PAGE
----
So, CUP’s Nehemiah talk last night was dope. Reverend Dr. Youngblood and architect Alexander Gorlin delivered on their promise to share some of the fascinating back-story of how they teamed up to design and built the Spring Creek Nehemiah Houses and how, against the odds, East Brooklyn Congregations built almost 3,000 units of owner-occupied, single-family housing in East New York, Brownsville and other areas of East Brooklyn affected by years of disinvestment.
Gorlin doesn’t just do East Brooklyn, however. Today in the Daily News, he opines on the rare instances of modern architecture in the Bronx, most of which find their expression in community service buildings such as the courthouse by Rafael Viñoly Architects or the Bronx Charter School for the Arts by WXY (designers of the NYC Info Center featured recently at the Architectural League).
Gorlin and Youngblood spoke within The University of Trash, an installation by Michael Cataldi and Nils Norman, billed as “an experiment in alternative architecture, urbanism, and pedagogy taking place in SculptureCenter’s main space.” Check it out before it closes on August 3rd.
And speaking of our friends at CUP, last week their Making Policy Public jury convened to select the advocacy groups and issues they will be addressing in their next season of posters. Now they’re putting the call out for policy-friendly artists and designers who want to collaborate on the new editions. If you aren’t familiar with this excellent project, a series of foldout posters that use graphic and information design to explore and explain complex public policy issues, or if you’re curious to know more about past designers’ experiences, check out Candy’s piece on Vendor Power! and Glen’s on Predatory Equity. Then, check out the five briefs, get your portfolios and statements of interest ready, and get involved! This season’s topics are:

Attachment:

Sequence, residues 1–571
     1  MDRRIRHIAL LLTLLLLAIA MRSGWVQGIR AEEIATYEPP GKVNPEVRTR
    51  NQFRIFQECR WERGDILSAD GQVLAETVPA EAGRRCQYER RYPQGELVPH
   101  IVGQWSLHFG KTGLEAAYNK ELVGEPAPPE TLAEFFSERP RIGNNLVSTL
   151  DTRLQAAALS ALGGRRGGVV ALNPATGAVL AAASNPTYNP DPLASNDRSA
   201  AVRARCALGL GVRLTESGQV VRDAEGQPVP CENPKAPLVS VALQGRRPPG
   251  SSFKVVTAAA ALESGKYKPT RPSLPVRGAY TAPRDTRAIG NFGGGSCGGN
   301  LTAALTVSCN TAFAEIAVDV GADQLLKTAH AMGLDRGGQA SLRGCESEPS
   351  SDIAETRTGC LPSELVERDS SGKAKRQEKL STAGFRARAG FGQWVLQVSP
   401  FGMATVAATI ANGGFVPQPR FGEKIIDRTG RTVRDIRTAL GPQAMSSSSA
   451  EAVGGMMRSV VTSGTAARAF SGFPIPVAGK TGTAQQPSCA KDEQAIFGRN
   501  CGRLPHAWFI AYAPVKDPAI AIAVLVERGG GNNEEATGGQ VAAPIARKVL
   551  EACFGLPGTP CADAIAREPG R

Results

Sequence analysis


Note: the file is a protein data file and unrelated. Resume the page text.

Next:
1. Keeping parks public with FIERCE
2. Participating in public housing with Community Voices Heard
3. Redistricting reform with the Brennan Center for Justice
4. Navigating the juvenile justice system with the Center for Court Innovation
5. Mapping the tomato supply chain with the Coalition of Immokalee Workers and Just Harvest USA
We’ve been talking about public space a lot lately, but Metropolis points out a different angle on the topic. Secure Cities is a website that maps out how heightened security measures in a post-9/11 world have affected urban public space in terms of increased surveillance, reduced accessibility and mobility, and restricted activity (via either physical or legal barriers).
And wait! Who knew the Manhattan Bridge was so wobbly?
The Roundup keeps you up to date with topics we’ve featured and other things we think are worth knowing about.